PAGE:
• If I truly wanted my own life, to feel safe, recover, and be me, I had to stop denying the truth about my family and my past
  • Every time I tried to set boundaries and develop a healthier relationship with my parents and sibling, they ignored, shunned, and convinced the rest of the family to punish me for not playing the role I was born into
  • I still maintained relationships with people who treated me badly
  • Every time I went to visit with or talk to my family or connections, I came home feeling triggered and helpless; I got physically ill and increased symptoms for weeks afterward
  • There was a lot more to my trauma history than a dysfunctional family system full of abuse and scapegoating
  • My family and connections were not going to change their attitude and treatment of me no matter how much I changed
  • That my parents and sibling chose to treat me the way they did because they want to hurt me and put me down
    • mom’s bipolar disorder, refusal to take her medications, is not an excuse to abuse me
    • Dad’s anxiety and frustration, his chauvinism, is not a reason to abuse me and leave me to take care of my mother so she doesn’t bother him
  • I was never going to feel safe as long as my family and connections were part of my life
  • I had to leave it all behind and start fresh if I was going to feel safe

How I Maintain Safety

Emotional Safety:

  • Container – create a container with a lid in my mind; put anything I am not ready to deal with in there; open the container and work on items one at a time
  • Safe Space (internal) – I create a safe space in my mind that only I can access; I control who visits; the safe space is filled with colors and items that remind me of comfort, happiness, fun, etc.  each one of my parts has a safe space
  • Self-Soothing and grounding – I keep lists of reminders and favorite items like stuffed animals around me to look at, touch, and listen to whenever I start to feel unsafe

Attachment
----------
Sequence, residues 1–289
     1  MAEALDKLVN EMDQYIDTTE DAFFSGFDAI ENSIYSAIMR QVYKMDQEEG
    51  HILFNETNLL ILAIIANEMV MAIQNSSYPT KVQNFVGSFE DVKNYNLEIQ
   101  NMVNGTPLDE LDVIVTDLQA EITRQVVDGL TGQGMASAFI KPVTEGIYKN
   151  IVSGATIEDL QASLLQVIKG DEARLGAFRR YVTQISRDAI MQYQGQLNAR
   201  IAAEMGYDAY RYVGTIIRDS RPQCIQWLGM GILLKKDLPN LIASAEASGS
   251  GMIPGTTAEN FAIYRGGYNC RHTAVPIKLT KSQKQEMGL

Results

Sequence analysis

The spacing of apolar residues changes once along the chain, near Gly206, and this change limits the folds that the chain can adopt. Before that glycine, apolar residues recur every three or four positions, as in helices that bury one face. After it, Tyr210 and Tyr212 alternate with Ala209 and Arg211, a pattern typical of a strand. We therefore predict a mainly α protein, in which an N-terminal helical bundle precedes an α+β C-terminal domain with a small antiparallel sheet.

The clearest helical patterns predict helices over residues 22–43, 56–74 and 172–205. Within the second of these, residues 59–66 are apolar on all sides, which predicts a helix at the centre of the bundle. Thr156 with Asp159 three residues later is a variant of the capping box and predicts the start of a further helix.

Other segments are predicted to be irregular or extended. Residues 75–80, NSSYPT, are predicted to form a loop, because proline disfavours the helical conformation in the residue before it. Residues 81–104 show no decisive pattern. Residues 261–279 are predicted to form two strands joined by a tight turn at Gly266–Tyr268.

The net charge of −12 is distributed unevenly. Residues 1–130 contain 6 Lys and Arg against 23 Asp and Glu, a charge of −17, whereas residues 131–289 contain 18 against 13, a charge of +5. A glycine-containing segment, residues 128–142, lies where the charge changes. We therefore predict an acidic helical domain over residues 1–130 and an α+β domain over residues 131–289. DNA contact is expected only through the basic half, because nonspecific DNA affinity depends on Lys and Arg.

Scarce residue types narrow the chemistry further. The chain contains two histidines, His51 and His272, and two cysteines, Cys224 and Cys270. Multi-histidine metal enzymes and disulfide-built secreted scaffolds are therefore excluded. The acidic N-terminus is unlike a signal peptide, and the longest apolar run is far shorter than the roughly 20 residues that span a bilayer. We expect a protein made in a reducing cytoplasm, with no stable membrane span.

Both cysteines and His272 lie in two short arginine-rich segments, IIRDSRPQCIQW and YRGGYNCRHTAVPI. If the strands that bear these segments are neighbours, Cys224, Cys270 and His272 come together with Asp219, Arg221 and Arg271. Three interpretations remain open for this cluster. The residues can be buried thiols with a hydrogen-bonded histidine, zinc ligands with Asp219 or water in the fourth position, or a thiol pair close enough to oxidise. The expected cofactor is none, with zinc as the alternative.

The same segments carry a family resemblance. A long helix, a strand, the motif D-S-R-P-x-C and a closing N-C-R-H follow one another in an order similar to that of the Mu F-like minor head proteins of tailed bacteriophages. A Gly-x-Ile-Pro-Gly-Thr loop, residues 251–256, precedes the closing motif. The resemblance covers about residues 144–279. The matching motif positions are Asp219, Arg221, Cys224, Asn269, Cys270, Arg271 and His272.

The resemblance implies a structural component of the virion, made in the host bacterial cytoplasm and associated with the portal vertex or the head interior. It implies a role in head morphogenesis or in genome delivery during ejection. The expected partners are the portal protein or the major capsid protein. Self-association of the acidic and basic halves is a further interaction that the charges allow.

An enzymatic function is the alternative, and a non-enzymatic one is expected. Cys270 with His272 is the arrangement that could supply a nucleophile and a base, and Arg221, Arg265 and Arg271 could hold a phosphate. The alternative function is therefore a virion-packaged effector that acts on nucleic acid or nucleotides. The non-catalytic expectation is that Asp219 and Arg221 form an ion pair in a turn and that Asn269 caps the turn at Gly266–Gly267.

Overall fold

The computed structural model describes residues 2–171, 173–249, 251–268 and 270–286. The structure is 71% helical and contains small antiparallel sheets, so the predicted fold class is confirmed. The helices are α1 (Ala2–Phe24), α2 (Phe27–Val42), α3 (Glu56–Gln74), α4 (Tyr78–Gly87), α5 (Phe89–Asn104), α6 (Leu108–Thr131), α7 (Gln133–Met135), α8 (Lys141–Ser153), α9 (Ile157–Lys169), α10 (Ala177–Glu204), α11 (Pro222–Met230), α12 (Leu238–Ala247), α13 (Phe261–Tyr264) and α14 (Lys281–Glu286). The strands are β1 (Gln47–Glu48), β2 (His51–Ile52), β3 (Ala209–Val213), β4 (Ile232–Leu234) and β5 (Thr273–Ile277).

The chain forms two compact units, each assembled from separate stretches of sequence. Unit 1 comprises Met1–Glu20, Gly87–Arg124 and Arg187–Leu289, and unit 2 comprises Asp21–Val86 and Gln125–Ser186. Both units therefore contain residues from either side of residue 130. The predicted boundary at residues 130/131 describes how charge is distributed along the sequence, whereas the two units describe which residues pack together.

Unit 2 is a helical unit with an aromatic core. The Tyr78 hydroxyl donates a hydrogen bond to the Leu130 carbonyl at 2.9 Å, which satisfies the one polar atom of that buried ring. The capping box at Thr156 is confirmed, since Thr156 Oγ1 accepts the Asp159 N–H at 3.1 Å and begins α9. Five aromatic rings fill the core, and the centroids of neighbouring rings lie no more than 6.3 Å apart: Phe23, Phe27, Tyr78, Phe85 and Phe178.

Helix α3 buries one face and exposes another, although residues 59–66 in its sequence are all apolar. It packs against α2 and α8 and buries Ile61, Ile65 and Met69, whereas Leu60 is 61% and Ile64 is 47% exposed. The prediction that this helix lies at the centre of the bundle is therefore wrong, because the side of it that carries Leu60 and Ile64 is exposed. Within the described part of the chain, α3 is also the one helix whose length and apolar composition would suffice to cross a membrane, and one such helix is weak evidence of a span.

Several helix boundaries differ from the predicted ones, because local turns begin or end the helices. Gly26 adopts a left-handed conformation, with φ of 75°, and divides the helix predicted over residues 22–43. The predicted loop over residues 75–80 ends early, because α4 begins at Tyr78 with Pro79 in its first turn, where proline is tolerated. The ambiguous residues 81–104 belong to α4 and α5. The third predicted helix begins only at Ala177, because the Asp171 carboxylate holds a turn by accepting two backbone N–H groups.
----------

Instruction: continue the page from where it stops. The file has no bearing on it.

• Mantras and positive affirmations through books, meditation, philosophy, and alternative medicine – this is a whole post in itself, maybe more.  Louise Hay, Tara Brach, Lama Surya Das, John Kabat-Zinn are the people who taught me about the power of affirmations.  Please look them up for more information
  • Cutting ties with emotionally unsafe people – I deserve to spend my time around safe people who do not lie, cheat, emotionally blackmail, shame, insult or act aggressively to me when I act and talk like myself and so do you

Physical Safety

  • Safe Spaces & Exit Plans – choose not to spend time with people who hurt me, try to make me feel bad about myself, etc.  if I do encounter people like that, have a plan in place to leave and go someplace I feel safe – for me that is the library or bookstore, work, my apartment, my therapist’s office, certain friend’s homes
  • Choosing to surround myself with people who like, respect, and accept me for who I am
  • Practicing self reflection so that I can learn who I am on the inside and what my values are; then match them to my thoughts, words, and actions
  • Remember to have compassion for myself because I am going to stumble, regress, make mistakes, and so on
  • Remember that I am in control of my life
  • Remember that I can choose to let others hurt me or I can choose the opposite even if it means letting those people go
  • Create a space in my home and at work where I feel safe and protected and able to be me

Reader’s Digest

Safety is important to recovery.  Feeling safe means different things to different people.  Not everyone has to cut ties with their family and past to feel safe. But without establishing safety first, the rest of my and anyone else’s recovery is that much harder.
What does safety mean to you?